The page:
Maxi Ooh! at MUSE in Trento, Italy
An experience that is astonishing, thrilling, captivating.
As thrilling as science that is done, thought out, experienced.
A space dedicated to children because MUSE, Museum of Science in Trento (Italy,) wants even its very youngest visitors to experience the processes of discovery, thinking, observation and experimenting.
It begins with what they know how to do best: touch, smell, look and see, hear.
But when children enter to admire the room, Maxi Ooh! opens up to experiences of wonder, discovery and knowledge. Maxi Ooh! expresses the feelings of those inside it. It lights up in colour and moves in dialogue with the thoughts, the actions and gestures of the “inhabitant”. It vibrates with the curiosity that drives to explore, with the richness of the gestures one may make and the paths one can take to meet the world.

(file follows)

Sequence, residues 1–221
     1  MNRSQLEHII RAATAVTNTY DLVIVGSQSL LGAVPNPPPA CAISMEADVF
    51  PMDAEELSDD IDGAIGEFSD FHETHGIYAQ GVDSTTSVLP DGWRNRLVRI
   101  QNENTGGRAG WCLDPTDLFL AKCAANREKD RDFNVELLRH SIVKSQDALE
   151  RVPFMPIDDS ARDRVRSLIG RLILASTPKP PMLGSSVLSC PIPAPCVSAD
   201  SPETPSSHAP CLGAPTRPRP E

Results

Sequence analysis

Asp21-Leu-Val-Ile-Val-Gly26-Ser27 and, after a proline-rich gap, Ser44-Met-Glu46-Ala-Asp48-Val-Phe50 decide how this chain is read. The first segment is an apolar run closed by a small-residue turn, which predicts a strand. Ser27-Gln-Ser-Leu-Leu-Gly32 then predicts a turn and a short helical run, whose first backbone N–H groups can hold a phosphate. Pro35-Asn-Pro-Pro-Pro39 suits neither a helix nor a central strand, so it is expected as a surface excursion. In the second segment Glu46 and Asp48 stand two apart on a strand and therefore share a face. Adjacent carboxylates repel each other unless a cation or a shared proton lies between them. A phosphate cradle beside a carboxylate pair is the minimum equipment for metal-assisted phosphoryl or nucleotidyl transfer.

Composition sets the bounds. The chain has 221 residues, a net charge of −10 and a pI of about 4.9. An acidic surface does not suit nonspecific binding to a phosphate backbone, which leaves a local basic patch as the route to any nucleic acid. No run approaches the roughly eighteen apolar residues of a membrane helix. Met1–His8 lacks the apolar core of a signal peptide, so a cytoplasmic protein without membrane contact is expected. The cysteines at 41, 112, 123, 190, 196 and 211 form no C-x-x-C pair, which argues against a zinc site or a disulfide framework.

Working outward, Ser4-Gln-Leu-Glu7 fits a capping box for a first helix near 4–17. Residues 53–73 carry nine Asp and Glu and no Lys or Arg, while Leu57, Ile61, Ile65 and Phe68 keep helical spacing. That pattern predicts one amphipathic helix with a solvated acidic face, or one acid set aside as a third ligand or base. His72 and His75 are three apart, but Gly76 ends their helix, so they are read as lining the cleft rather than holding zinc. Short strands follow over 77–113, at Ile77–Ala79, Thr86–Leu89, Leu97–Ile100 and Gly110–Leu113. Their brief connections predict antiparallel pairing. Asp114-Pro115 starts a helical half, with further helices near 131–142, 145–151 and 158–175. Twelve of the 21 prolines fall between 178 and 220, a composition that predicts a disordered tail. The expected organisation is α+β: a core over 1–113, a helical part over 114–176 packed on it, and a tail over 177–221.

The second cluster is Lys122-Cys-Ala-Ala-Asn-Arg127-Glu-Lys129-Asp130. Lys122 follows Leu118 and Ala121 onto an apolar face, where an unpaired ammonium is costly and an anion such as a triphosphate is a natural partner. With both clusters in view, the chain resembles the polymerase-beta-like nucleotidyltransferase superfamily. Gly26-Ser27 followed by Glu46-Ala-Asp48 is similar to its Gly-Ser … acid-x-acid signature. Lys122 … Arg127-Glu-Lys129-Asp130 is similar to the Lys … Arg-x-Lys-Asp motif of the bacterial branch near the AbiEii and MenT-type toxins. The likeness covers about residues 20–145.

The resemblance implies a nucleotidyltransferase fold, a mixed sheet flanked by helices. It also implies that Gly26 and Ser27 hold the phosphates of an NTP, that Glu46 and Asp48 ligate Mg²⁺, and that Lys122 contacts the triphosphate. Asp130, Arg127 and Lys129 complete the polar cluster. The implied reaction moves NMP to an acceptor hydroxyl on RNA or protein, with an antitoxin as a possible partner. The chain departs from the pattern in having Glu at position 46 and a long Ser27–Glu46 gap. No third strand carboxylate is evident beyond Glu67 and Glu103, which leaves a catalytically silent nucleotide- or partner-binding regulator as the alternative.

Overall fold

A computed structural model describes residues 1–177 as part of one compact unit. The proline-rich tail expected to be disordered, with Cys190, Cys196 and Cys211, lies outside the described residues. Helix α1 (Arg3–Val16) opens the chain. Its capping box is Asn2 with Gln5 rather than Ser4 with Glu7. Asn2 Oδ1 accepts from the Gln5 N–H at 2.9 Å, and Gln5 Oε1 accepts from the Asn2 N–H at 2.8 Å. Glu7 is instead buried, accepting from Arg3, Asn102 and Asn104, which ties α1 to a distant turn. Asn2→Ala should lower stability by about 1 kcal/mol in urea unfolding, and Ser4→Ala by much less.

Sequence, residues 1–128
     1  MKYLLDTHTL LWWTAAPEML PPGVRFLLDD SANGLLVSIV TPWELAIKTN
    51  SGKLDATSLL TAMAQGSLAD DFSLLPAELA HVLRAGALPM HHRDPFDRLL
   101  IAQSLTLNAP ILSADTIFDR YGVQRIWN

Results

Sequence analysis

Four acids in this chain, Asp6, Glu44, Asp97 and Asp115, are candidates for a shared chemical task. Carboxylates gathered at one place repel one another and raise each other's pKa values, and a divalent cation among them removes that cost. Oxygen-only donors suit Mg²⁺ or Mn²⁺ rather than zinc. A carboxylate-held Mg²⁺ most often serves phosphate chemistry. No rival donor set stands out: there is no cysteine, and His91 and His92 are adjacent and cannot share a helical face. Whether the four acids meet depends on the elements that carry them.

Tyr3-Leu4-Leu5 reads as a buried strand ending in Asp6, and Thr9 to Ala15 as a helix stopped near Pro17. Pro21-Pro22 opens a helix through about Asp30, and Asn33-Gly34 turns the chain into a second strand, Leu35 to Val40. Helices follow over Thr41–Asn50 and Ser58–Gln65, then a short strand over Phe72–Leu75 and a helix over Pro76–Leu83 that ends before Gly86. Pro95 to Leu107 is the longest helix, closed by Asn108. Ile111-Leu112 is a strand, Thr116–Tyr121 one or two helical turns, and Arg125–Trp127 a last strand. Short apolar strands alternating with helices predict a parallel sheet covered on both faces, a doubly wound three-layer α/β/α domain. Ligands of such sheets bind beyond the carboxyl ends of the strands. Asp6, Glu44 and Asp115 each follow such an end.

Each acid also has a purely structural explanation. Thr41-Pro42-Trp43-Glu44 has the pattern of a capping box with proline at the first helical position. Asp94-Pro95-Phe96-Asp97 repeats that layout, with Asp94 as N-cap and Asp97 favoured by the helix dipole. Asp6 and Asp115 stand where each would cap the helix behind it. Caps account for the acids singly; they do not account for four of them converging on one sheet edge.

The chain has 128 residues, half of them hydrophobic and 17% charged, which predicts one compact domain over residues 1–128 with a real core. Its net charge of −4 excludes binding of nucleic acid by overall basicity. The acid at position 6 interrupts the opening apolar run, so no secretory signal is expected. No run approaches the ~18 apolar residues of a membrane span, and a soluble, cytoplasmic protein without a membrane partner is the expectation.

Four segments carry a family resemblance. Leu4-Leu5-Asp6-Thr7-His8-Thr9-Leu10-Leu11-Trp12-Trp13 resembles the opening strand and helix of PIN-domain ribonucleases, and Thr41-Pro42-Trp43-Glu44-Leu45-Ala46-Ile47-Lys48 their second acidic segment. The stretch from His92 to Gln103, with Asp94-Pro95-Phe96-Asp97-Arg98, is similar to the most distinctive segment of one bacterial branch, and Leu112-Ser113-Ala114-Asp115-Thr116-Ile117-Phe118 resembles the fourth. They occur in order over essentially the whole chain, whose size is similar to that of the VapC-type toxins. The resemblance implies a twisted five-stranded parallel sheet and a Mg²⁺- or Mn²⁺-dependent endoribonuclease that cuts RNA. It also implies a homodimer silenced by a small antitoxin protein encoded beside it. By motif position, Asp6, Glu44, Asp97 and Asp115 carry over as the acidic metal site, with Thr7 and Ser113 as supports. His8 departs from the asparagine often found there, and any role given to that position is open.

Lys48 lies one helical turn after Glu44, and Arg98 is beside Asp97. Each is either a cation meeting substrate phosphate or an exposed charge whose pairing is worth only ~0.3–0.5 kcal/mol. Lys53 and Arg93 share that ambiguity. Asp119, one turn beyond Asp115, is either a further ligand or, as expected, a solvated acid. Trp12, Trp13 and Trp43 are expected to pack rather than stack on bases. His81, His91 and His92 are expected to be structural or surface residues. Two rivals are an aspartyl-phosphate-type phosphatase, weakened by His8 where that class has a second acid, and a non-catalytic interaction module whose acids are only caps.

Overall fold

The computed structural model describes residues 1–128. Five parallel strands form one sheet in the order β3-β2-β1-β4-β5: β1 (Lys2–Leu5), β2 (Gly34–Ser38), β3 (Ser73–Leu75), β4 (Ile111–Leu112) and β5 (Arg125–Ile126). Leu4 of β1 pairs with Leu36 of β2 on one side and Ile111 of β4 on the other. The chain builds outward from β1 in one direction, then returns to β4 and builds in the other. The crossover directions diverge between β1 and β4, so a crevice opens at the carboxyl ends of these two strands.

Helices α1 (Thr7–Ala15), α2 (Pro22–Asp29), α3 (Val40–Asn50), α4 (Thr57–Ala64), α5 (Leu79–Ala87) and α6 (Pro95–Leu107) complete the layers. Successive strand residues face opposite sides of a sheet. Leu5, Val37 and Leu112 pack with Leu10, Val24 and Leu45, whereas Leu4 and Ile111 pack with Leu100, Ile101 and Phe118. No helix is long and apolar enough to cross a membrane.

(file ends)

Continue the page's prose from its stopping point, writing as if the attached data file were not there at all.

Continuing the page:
Maxi Ooh! is an experience capable of opening horizons beyond the usual ones for children who always look with wide-open and bright eyes and open mind at whatever is interesting, non-customary, enriching and even amusing, at what they have already or never seen, touched, smelled or tasted.
Maxi Ooh! is a metaphor. It does not prescribe, it suggests, immediately becoming a place of trust, where everything joyously interacts with the senses. Each sphere is dedicated to a specific sense, but children know how to keep them together – they experiment and learn with everything, with their body, mind and emotions.
Maxi Ooh! is a place in which one feels good, a place as pleasant and interesting as the discovery that starts from one’s senses and goes beyond them tobecome knowledge to share with others. Maxi Ooh! is a place for childrenwith- children relations and relations between children and the adults accompanying them. It is a place that allows adults to better understand, to learn a bit more from the children, to rediscover the authenticity and beauty of science. Science, not magic, because it’s all true and yet surprising. For children aged 0 to 5 and their parents or caregivers.
Too bad, all the others might exclaim!
Have a look at:
Photos by Matteo De Stefano